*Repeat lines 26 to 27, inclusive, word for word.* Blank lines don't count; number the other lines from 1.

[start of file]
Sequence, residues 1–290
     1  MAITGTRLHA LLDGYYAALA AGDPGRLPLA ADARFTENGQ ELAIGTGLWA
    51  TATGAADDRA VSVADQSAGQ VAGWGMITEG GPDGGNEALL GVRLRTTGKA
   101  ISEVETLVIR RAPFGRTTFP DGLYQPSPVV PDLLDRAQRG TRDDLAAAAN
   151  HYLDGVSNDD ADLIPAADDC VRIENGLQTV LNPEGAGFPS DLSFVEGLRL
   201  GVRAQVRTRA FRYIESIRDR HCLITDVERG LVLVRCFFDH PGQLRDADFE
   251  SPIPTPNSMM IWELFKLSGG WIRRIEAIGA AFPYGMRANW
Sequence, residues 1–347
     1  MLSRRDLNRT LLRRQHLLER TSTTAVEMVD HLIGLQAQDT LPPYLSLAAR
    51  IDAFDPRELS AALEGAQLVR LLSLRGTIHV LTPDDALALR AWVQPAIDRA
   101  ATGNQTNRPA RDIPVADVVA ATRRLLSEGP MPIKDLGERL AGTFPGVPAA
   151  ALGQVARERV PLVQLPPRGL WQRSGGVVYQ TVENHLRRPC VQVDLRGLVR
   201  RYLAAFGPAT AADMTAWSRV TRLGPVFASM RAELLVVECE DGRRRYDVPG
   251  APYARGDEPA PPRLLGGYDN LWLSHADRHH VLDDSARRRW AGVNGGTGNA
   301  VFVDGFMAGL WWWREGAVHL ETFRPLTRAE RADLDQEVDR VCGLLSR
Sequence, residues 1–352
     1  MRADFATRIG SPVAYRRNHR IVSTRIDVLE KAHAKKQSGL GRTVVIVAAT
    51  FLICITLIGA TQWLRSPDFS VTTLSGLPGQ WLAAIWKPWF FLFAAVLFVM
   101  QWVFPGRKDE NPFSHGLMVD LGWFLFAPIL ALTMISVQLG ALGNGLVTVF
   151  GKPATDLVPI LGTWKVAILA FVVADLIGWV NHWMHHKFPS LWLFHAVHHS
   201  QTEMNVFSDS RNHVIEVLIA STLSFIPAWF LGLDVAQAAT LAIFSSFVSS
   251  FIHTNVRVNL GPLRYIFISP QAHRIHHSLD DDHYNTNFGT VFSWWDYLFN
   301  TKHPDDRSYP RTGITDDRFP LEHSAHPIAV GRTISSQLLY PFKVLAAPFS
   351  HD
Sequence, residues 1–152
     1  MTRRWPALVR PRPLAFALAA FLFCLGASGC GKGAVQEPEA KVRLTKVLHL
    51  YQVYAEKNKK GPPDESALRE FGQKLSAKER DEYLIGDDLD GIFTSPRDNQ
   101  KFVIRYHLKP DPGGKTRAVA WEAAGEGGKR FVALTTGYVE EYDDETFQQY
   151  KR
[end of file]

     1  MTRRWPALVR PRPLAFALAA FLFCLGASGC GKGAVQEPEA KVRLTKVLHL
    51  YQVYAEKNKK GPPDESALRE FGQKLSAKER DEYLIGDDLD GIFTSPRDNQ